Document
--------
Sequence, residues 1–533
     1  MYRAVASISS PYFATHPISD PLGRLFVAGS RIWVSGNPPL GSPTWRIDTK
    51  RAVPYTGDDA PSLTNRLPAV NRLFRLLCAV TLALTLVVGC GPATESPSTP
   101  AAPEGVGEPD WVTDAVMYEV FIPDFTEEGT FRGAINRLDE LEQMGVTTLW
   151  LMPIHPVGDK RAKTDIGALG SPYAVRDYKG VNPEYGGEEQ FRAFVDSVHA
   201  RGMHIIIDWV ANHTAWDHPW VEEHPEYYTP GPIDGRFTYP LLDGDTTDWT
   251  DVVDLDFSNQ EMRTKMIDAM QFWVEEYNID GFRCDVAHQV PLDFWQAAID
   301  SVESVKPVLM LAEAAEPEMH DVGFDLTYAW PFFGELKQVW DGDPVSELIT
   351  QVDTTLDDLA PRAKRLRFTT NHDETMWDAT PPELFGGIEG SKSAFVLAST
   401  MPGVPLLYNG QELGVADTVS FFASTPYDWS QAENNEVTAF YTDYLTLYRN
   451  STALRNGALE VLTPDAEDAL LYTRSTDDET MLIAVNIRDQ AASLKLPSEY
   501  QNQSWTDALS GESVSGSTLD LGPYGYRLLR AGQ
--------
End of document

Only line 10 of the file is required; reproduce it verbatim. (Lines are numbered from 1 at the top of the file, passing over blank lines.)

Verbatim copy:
   401  MPGVPLLYNG QELGVADTVS FFASTPYDWS QAENNEVTAF YTDYLTLYRN